Currently the most powerful Indian launch vehicle in operation; the first development flight of the GSLV took place in 2001. The program’s benefits have been scrutinized due to frequent payload cutbacks and delays. The indigenous cryogenic engine for the GSLV’s upper stage was tested in 2007. ISRO has reconsidered the effectiveness of the GSLV for the needs of the 2000-2010 decade and began development of an indigenous and new heavy launch vehicle, GSLV III. The latter is not related to the GSLV-I/II and will be based around the proven format of liquid main stages and two solid strap-on boosters. It will resemble the Ariane 5 and other modern launchers and will have sufficient payload capacity for manned spaceflight. The inaugural flight is scheduled for 2008
In 2003 when China sent humans into space, prime minister Atal Bihari Vajpayee urged scientists to develop technologies to land humans on Moon and Indian programs to send missions to Moon, other planets and sending humans to space came into existence soon. ISRO launched Chandrayaan-1 in 2008, which was world’s first probe to verify the presence of water on the Moon and Mars Orbiter Mission in 2013 which was first Asian spacecraft to enter Martian orbit and India being first country to do so in maiden attempt. Subsequently, cryogenic upper stage for GSLV rocket operationalised making India sixth country to have full launch capabilities and a new heavier-lift launcher GSLV Mk III was introduced in 2014 for heavier satellites and enabling human space missions. Since then, development of bigger rockets, more advanced satellites and spacecrafts has been going on.
ISRO’s Launch Vehicles
|Satellite Launch Vehicle||Retired|
|Augmented Satellite Launch Vehicle||Retired|
|Polar Satellite Launch Vehicle||Operational|
|Geosynchronous Satellite Launch Vehicle Mark II (GSLV Mk II)||Operational|
|Geosynchronous Satellite Launch Vehicle Mark III (GSLV Mk III)||Operational|
|Reusable Launch Vehicle (RLV)||Upcoming|
|Small Satellite Launch Vehicle (SSLV)||Upcoming|
ISRO’s Prominent Missions
Chandrayaan-1 was India’s first lunar probe. It was launched by the Indian Space Research Organisation on 22 October 2008, and operated until August 2009. The mission included a lunar orbiter and an impactor. The mission was a major boost to India’s space program, as India researched and developed its own technology in order to explore the Moon. The vehicle was successfully inserted into lunar orbit on 8 November 2008.
This is a long-term project to develop a reusable launch vehicle (RLV) restricted to the launch of satellites. Theoretically, AVATAR would be a cost effective launch vehicle for small satellites and therefore a commercially competitive launch system. A scaled-down technology demonstrator is scheduled to fly c.2008. Recently ISRO successfully tested a scramjet air breathing engine which produced Mach 6 for seven seconds. ISRO will continue research related to using scramjets in RLVs after 2010.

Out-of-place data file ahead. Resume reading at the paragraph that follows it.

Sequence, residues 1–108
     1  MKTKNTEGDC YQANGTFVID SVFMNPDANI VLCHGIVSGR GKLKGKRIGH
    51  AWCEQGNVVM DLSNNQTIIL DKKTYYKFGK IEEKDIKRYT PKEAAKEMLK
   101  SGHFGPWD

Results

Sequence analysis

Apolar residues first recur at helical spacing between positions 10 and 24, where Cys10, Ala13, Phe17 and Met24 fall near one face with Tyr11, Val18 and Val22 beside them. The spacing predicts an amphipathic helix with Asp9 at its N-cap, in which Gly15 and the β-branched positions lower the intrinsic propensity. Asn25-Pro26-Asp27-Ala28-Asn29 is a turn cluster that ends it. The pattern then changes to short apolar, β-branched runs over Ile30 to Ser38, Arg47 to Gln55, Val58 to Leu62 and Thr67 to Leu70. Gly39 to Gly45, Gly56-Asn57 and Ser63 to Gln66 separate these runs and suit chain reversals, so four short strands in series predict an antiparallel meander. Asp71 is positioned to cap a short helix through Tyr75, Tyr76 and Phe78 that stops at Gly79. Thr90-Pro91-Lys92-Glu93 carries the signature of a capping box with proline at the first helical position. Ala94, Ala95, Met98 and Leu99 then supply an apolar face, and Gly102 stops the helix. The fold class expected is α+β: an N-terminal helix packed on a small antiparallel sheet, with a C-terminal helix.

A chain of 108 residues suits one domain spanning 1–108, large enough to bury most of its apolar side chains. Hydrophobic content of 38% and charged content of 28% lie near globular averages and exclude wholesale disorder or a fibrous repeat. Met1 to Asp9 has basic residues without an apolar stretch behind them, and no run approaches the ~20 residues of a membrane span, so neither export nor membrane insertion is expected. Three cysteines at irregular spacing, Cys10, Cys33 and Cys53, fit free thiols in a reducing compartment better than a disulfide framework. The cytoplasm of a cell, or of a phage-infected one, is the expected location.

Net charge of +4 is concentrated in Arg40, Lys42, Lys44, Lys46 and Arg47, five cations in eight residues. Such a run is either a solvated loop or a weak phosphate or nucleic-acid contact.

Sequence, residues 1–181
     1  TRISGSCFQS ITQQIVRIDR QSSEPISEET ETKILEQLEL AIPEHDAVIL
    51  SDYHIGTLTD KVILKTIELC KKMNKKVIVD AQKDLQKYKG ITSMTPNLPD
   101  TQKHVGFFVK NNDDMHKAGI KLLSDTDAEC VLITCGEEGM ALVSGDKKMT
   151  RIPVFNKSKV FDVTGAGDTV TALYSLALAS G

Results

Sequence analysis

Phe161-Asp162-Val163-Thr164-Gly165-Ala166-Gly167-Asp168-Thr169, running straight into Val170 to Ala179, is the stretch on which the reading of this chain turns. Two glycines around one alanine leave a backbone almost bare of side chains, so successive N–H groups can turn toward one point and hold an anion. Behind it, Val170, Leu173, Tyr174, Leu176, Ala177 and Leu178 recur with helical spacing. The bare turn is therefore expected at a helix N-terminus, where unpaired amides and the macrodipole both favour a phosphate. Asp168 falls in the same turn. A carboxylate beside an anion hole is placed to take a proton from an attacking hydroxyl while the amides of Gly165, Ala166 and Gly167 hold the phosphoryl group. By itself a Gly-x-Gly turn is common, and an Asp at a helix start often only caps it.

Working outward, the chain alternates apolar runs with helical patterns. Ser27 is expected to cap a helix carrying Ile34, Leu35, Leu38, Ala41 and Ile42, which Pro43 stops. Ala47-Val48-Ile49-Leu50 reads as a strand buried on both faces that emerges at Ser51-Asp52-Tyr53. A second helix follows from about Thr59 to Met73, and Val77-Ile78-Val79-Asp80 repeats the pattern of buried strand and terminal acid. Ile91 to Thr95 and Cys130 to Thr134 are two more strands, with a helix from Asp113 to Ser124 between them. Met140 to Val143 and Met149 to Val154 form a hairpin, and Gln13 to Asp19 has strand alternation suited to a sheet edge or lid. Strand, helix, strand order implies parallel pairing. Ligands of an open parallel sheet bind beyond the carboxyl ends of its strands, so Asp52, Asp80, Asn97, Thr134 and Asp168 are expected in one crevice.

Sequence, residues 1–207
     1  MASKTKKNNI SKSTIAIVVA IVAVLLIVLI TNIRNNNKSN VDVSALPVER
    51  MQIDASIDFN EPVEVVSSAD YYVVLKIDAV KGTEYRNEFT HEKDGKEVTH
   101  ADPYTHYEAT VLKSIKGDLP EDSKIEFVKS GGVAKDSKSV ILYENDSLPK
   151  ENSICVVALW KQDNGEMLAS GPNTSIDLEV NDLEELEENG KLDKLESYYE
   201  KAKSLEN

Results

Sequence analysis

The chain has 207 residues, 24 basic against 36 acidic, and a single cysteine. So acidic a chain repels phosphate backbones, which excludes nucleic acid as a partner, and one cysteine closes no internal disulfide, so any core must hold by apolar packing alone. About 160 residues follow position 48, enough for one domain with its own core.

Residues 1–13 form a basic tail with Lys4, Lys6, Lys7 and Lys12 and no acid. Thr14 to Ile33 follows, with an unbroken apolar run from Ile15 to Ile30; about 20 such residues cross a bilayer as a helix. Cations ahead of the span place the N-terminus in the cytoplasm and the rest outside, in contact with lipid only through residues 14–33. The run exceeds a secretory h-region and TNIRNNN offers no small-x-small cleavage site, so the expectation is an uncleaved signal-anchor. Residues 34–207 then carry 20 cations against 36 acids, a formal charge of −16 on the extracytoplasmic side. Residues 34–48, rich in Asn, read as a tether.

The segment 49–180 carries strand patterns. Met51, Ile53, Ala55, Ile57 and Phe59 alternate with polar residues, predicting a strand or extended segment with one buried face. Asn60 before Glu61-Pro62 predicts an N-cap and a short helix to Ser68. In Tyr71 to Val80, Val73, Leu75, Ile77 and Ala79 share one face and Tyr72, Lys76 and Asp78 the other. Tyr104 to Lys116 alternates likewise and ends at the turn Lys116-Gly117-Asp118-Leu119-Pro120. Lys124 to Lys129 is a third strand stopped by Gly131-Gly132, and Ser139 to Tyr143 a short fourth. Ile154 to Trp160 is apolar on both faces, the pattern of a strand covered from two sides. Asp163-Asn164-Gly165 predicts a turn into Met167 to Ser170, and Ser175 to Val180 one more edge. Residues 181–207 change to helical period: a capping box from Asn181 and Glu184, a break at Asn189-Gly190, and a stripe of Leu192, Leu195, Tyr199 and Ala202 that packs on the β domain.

Mars Orbiter Mission
The Mars Orbiter Mission (MOM), also called Mangalyaan is a space probe orbiting Mars since 24 September 2014. It was launched on 5 November 2013 by the Indian Space Research Organisation (ISRO). It is India’s first interplanetary mission and it made it the fourth space agency to achieve Mars orbit, after Roscosmos, NASA, and the European Space Agency. It made India the first Asian nation to reach Martian orbit and the first nation in the world to do so on its maiden attempt.
ASTROSAT is India’s first dedicated multi wavelength space observatory. This scientific satellite mission endeavours for a more detailed understanding of our universe. One of the unique features of ASTROSAT mission is that enables the simultaneous multi-wavelength observations of various astronomical objects with a single satellite. It was launched on a PSLV-XL on 28 September 2015. With the success of this satellite, ISRO has proposed launching AstroSat-2 as a successor for Astrosat.
Chandrayaan-2 is the second lunar exploration mission developed by the Indian Space Research Organisation, after Chandrayaan-1. It consists of a lunar orbiter, and also included the Vikram lander, and the Pragyan lunar rover, all of which were developed in India. The lander and the rover were scheduled to land on the near side of the Moon, in the south polar region, However, the lander deviated from its intended trajectory while attempting to land on 6 September 2019 which caused a ‘hard landing’. According to a failure analysis report submitted to ISRO, the crash was caused by a software glitch. ISRO may re-attempt a landing in 2022 with Chandrayaan-3.
|Mission name||Expected launch||Spacecraft||Details|
|Chandrayaan-3||2022||Lunar lander, rover||Mission repeat of Chandrayaan-2 with lander, rover and a propulsion module to attempt soft landing of lunar surface.|
|Gaganyaan||2022||Crewed spacecraft||Gaganyaan (“Orbital Vehicle”) is an Indian crewed orbital spacecraft (jointly made by ISRO and HAL) intended to be the basis of the Indian Human Spaceflight Programme. The spacecraft is being designed to carry three people, and a planned upgraded version will be equipped with rendezvous and docking capability.|
|Lunar Polar Exploration Mission||2024||Lunar lander, rover||Lunar Polar Exploration Mission is a concept mission by JAXA and ISRO to explore the south pole region of the Moon in 2024. The mission concept has not yet been formally proposed for funding and planning.|
|Aditya-L1||2022||Solar observation||Aditya-L1 is the first Indian Solar Coronagraph spacecraft mission to study solar corona in visible and near IR bands. It is expected to be launched by the start of 2022.|
|RISAT-1A||2020||Radar imaging satellite||RISAT-1A is a radar-imaging satellite. Its configuration is similar to RISAT-1. It is a land-based mission with primary application in terrain mapping and analysis of land, ocean and water surface for soil moisture.|
|NISAR||2022||SAR satellite||NASA-ISRO Synthetic Aperture Radar (NISAR) is a joint project between NASA and ISRO to co-develop and launch a dual-frequency synthetic aperture radar satellite to be used for remote sensing. It is notable for being the first dual-band radar imaging satellite.|
|Mangalyaan 2||2024||Mars orbiter||Mars Orbiter Mission 2 (MOM 2) also called Mangalyaan 2 is India‘s second interplanetary mission planned for launch to Mars by the Indian Space Research Organisation (ISRO) in the 2021–2022 time frame. It will consist of an orbiter, and will not include a lander and a rover.|
|Shukrayaan-1||2023||Venus orbiter||The Indian Venusian orbiter mission is a planned orbiter to Venus by the Indian Space Research Organisation (ISRO) to study the atmosphere of Venus.|